UK’s carbon footprint shrank by 13% in 2020 amid pandemic, data shows

The country produced a total 582 million tonnes of the greenhouse gases that year compared with 670 million tonnes in 2019

The UK's carbon footprint declined considerably during the Covid-19 pandemic, data shows. Bloomberg
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The UK’s carbon footprint shrank by an estimated 13 per cent in 2020 as the Covid-19 pandemic hit, UK government data shows.

The Department for Environment, Food and Rural Affairs updated its emissions data on Wednesday with figures from 2020, the year when the country faced nationwide lockdowns from late March.

The carbon footprint data, which includes emissions from any use of goods produced in the UK, encompasses the seven main greenhouse gases: carbon dioxide, methane, nitrous oxide, hydro-fluorocarbons, perfluorocarbons, nitrogen trifluoride and sulphur hexafluoride.

It suggests the UK produced a total 582 million tonnes of the greenhouse gases that year compared with 670 million tonnes in 2019.

It represents a 13 per cent decrease in the UK's emissions, compared with a 3 per cent drop between 2018 and 2019.

Emissions increased between 2017 and 2018, with the country producing 670 million tonnes and 689 million tonnes, respectively.

The 2020 decrease was driven by falling emissions in transport by UK residents, goods and services produced in the UK and imported goods, all probably caused by large proportions of the population being isolated at home.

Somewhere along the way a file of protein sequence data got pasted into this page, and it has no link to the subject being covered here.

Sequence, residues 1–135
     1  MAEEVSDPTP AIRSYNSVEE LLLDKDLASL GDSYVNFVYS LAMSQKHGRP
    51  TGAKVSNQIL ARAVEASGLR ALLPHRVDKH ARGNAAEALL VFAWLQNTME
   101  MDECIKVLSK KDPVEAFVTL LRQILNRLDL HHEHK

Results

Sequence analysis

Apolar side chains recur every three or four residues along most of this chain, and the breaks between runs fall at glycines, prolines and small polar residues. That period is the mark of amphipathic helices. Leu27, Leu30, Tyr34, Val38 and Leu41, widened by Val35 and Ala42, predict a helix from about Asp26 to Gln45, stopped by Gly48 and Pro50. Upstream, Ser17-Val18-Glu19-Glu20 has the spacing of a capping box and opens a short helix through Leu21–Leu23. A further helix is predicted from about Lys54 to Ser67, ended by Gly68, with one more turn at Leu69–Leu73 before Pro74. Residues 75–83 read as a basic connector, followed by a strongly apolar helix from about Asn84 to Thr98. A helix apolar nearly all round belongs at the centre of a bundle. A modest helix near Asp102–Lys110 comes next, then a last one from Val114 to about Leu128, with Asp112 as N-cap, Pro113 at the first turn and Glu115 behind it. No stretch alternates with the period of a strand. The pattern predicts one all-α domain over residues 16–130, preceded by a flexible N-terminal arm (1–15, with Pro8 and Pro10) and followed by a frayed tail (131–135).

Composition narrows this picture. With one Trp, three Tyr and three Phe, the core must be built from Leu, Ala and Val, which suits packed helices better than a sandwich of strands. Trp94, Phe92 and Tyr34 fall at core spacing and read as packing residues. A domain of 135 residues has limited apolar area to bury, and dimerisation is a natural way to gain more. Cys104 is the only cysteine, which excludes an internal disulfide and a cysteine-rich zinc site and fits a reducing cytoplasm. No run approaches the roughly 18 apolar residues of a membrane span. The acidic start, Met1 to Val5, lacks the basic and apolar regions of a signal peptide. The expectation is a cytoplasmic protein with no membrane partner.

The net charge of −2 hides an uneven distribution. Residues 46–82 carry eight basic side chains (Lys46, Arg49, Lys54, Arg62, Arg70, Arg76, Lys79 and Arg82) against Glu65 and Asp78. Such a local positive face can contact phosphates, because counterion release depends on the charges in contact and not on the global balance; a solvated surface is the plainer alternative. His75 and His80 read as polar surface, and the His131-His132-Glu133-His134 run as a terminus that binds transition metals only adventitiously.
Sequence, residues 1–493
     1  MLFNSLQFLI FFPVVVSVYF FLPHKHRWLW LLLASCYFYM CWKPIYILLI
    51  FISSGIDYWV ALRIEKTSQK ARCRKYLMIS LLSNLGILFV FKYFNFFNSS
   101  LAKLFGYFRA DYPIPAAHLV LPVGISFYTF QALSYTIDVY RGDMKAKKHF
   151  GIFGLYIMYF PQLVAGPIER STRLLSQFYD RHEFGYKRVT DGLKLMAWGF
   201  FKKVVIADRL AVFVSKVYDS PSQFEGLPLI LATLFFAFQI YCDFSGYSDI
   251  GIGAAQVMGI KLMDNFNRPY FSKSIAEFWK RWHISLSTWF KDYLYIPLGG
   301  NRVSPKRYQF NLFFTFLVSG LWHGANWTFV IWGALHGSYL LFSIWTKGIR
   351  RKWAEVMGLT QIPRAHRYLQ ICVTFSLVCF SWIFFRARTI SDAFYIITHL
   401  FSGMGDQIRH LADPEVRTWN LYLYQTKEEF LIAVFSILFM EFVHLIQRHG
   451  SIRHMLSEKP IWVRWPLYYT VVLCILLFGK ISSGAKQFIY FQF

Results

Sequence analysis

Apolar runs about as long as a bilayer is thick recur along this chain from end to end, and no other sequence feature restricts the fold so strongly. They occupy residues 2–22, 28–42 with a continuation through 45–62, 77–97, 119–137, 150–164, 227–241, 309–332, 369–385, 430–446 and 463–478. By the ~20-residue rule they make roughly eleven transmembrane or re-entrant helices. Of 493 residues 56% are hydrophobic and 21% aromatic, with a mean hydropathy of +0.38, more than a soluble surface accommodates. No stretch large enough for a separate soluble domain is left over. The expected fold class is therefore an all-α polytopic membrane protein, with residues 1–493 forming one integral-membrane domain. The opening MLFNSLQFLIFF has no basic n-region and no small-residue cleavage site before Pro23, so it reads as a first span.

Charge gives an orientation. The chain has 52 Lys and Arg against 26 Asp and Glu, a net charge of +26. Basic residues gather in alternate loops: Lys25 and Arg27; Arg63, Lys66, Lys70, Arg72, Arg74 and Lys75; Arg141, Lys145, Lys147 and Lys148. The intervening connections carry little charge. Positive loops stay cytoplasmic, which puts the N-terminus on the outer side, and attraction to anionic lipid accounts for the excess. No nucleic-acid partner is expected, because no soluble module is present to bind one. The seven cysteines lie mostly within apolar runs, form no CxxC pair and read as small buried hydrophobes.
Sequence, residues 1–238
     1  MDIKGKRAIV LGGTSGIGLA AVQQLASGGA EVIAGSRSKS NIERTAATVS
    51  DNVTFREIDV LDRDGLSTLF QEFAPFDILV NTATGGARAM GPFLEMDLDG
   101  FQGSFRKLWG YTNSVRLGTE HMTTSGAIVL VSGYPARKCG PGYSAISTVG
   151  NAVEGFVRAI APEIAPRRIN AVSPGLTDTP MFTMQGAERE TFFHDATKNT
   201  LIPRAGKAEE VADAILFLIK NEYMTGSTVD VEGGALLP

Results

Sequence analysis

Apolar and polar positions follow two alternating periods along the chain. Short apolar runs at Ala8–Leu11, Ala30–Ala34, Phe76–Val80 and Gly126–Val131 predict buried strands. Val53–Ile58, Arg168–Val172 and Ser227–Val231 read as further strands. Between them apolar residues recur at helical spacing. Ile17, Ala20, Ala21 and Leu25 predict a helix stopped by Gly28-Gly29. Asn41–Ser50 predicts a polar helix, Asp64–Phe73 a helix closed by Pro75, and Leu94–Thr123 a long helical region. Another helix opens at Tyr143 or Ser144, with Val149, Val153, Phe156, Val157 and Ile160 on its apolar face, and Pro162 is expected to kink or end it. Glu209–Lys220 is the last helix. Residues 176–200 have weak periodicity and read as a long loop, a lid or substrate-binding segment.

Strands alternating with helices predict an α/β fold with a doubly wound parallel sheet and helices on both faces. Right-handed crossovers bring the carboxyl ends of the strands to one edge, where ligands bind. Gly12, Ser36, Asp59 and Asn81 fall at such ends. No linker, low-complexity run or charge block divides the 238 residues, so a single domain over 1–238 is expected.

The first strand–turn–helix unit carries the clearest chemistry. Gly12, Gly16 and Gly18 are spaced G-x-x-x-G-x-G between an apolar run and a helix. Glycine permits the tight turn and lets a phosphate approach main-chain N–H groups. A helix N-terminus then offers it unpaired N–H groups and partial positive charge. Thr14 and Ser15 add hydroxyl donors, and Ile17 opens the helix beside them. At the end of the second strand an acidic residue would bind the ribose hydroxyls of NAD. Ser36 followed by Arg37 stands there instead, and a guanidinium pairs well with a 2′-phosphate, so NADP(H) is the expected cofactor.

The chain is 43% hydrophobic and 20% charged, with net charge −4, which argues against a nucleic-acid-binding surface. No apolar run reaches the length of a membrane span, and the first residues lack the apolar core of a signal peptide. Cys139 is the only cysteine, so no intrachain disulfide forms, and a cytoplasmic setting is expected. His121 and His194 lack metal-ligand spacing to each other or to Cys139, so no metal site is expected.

The only area in which 2020 saw an increase in emissions was household heating.

The UK’s carbon footprint has been steadily decreasing since a peak in 2007, where the country emitted 959 million tonnes.

Emissions from 2020 are 39 per cent lower than the 2007 peak, the figures suggest.

Dustin Benton, policy director at Green Alliance, warned that the UK must not become complacent in terms of tackling emissions despite the decrease in 2020.

“We should have expected emissions to fall in 2020, it was a really weird year," Mr Benton said.

“We shut down the economy and we stopped people travelling because of Covid, so naturally emissions were always going to fall.

“This doesn’t necessarily mean that it’s a trend.

“Our work in Green Alliance policy tracker shows that the UK is seriously off track on meeting its future carbon commitments.

“So we shouldn’t be complacent and think that just because there was one very odd but good year from the emissions perspective that we’re on track to net zero.”

Updated: June 08, 2023, 9:18 AM